Searching for a Standard
Harvison Young J.A., concurring in the result, departed from the majority in holding that presumptive jurisdiction over the Venetian Defendants had been established. Harvison Young J.A. pointed out that Cassels Brock had broadened the scope of the fourth Van Breda factor beyond the majority’s desired approach, plainly rejecting any requirement that the defendant’s liability flow from their immediate contractual obligations (Sinclair v Amex, paras 55-56).
As a consequence of her conclusion on this point, Harvison Young J.A. was confronted with the issue left unresolved after Cassels Brock—identifying the minimum threshold which separates those tort claims within the scope of the contractual relationship from those which are not. Harvison Young J.A. would adopt a straightforward ‘but for’ test to circumscribe the fourth Van Breda factor: ‘but for’ the contract made in the province, the plaintiff would not have suffered the harm (Sinclair v Amex, para 64).
Harvison Young J.A. found support for this test in Toews v Grand Palladium Vallarta Resort & Spa, 2016 ABCA 408 [Toews]. In Toews, the Alberta Court of Appeal accepted that but for a “chain of related contracts” flowing from a number of initial agreements formed in Alberta, the plaintiffs would not have stayed at the resort where the tort had occurred. This sufficed to connect the contracts made in the province to the facts underlying the claim, notwithstanding that the out-of-province defendant was not a party to the Alberta agreements (Toews, para 10; Sinclair v Amex, paras 74, 80). The SCC subsequently denied leave to appeal .
Applying this test to the facts, Harvison Young J.A. held that ‘but for’ the Centurion Card agreement, Mr. Sinclair would not have been able to book the water taxi and the Venetian Defendants never would have entered the picture. In other words, the chain of related contracts engaging each of the Venetian Defendants can be traced directly to an agreement formed in Ontario. Consequently, each of the Venetian Defendants had been brought within the scope of the contractual relationship, irrespective of the fact that they were not parties to that contract and owed no obligations under it (Sinclair v Amex, paras 78-79).
Foresight for Some
The ‘but for’ test Harvison Young J.A. proposes under the fourth Van Breda factor fills in the blanks after Cassels Brock declined to provide a clear minimum threshold for presumptive jurisdiction. This development is laudable when compared to the status quo, as parties struggle to predict their scope of liability when they are unaware of what it means for a contract to be “connected” to the facts of a tort claim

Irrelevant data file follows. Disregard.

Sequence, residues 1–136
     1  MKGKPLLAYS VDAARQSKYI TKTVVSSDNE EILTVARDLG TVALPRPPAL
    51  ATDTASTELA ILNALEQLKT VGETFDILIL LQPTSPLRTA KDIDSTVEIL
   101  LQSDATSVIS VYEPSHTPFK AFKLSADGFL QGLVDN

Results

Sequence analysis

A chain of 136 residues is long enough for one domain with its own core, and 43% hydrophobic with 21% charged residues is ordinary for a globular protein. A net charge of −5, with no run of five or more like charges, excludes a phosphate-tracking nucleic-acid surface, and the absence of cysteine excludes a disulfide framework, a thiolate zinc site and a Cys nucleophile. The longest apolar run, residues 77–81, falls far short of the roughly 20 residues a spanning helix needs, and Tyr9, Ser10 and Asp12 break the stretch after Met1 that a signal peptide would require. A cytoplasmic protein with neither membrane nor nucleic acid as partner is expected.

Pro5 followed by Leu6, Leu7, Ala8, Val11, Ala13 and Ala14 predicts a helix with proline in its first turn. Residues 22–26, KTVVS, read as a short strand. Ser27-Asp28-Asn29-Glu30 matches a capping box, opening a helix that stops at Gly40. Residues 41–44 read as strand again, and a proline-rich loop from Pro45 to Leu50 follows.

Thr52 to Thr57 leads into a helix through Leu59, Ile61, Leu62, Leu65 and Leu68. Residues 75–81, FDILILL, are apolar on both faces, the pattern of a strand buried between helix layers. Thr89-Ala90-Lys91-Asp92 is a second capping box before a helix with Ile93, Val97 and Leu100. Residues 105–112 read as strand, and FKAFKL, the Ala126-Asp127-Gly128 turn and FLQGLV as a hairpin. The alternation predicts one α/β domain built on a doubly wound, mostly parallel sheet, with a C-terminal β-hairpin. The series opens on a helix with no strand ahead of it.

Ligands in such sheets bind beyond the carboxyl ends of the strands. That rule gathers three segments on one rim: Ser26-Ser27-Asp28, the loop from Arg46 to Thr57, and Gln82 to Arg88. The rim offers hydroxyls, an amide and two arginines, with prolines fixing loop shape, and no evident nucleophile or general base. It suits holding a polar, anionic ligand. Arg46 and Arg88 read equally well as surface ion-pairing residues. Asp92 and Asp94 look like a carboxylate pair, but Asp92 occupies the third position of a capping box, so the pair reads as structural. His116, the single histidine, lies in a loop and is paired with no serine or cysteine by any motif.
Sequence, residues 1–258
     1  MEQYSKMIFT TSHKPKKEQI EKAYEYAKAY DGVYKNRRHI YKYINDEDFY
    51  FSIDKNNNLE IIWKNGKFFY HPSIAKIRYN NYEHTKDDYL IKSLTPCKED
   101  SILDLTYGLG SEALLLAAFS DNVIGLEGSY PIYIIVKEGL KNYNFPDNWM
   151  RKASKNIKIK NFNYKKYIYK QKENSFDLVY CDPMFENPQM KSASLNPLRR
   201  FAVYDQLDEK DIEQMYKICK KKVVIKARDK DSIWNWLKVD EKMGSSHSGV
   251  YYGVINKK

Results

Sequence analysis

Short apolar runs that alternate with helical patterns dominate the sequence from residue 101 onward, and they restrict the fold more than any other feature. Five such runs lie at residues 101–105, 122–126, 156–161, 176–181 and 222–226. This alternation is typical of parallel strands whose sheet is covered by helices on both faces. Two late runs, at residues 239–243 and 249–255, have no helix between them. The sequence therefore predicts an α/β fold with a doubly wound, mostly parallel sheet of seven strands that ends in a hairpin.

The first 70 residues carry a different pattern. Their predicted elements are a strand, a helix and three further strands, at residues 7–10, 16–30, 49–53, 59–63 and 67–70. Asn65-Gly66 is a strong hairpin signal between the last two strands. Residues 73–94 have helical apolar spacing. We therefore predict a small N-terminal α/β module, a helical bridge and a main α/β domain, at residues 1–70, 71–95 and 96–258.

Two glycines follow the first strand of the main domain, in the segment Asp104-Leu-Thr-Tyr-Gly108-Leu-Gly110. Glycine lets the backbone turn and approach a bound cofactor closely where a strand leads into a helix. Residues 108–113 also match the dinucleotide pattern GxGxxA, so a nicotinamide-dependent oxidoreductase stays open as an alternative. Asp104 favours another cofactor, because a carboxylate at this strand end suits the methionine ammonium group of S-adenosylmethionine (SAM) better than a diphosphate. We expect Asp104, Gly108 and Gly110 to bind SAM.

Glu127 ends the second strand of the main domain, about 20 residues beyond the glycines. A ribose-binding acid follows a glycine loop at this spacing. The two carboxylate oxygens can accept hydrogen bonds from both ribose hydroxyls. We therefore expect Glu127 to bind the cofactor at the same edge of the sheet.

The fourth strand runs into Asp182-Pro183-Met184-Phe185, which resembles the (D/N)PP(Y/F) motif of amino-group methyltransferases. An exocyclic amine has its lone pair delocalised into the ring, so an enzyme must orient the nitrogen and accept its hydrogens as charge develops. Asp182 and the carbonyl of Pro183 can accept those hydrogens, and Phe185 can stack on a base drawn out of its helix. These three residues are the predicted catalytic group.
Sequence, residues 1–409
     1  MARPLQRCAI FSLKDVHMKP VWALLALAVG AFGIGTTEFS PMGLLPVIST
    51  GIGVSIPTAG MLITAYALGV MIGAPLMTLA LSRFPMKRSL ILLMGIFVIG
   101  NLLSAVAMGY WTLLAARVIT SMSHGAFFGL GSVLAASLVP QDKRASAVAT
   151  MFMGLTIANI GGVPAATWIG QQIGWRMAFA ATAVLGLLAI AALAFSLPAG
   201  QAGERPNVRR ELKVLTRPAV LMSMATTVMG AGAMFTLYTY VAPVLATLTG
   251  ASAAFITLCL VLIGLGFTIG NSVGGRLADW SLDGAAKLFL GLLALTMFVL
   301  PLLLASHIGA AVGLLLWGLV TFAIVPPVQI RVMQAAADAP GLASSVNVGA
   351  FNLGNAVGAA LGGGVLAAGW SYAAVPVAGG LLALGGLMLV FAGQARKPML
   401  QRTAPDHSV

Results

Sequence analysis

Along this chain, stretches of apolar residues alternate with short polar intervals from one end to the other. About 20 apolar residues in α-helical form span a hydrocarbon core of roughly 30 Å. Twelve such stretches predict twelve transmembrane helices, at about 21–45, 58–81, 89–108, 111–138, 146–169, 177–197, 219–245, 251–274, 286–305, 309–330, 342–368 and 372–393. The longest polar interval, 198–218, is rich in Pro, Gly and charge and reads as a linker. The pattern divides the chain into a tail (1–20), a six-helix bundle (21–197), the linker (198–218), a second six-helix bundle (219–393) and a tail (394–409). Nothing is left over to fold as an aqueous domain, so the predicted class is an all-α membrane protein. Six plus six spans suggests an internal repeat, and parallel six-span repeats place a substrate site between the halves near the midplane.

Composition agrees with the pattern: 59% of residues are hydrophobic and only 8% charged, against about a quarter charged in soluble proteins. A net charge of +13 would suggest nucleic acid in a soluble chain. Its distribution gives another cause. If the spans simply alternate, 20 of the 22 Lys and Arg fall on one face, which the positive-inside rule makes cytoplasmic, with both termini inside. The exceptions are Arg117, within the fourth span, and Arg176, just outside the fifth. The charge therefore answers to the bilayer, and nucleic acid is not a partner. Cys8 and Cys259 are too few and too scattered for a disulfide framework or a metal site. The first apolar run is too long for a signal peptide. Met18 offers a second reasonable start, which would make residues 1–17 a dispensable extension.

For all that, the predictability which the ‘but for’ test provides is entirely one-sided. As LeBel J. acknowledged in Van Breda, the point of having well-defined, objective connecting factors is that it enables the “parties… to predict with reasonable confidence whether a court will assume jurisdiction in a case with an international or interprovincial aspect” (Van Breda, para 73). The critical shortcoming of the ‘but for’ test is that it cannot confer these benefits equally, providing domestic plaintiffs with all the benefits of predictability while foreign defendants caught in the chain of related contracts receive none.
If a real and substantial connection may be established on the basis of a chain of related contracts, there are inevitably going to be members of that chain who expose themselves to foreign lawsuits initiated by plaintiffs they could not have reasonably contemplated dealing with. There is no way for these foreign defendants to anticipate where proceedings might be brought against them when there is no requirement that they know anything about the contract relied on for jurisdiction. These are precisely the circumstances which the Venetian Defendants find themselves in. This unequal distribution of predictability lends credence to Nordheimer J.A.’s conclusion that the ‘but for’ test is at bottom a justification for jurisdictional overreach, tilting the playing field in favour of domestic plaintiffs (Sinclair v Amex, paras 29, 44).
Almost a decade after Van Breda was decided, the real and substantial connection test is in need of elaboration. It now falls to the SCC to articulate a minimum threshold for the fourth connecting factor that respects Van Breda’s intention to further predictability for all parties.